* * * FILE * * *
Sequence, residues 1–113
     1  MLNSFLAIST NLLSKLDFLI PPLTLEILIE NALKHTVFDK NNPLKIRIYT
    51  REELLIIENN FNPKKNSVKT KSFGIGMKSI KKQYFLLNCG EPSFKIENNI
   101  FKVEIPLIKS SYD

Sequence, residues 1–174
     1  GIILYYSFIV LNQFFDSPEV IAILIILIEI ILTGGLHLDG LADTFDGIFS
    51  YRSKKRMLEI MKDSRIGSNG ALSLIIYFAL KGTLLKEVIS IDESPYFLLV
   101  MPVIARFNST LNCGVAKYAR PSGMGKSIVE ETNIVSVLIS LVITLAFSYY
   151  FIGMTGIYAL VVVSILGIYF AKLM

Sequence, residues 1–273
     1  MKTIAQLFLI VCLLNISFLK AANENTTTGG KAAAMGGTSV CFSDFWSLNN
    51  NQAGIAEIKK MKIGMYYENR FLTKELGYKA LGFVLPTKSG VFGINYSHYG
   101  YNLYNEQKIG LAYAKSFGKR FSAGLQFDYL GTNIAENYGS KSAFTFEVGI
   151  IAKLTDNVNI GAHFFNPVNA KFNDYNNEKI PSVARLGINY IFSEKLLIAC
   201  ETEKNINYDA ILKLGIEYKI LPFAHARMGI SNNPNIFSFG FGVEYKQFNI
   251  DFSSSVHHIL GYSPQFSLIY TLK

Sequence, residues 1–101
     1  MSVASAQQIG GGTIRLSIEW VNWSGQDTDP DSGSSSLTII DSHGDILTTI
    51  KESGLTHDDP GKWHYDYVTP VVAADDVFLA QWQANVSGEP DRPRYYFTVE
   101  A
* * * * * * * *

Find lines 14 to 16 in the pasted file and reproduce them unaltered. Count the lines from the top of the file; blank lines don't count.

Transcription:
   151  IAKLTDNVNI GAHFFNPVNA KFNDYNNEKI PSVARLGINY IFSEKLLIAC
   201  ETEKNINYDA ILKLGIEYKI LPFAHARMGI SNNPNIFSFG FGVEYKQFNI
   251  DFSSSVHHIL GYSPQFSLIY TLK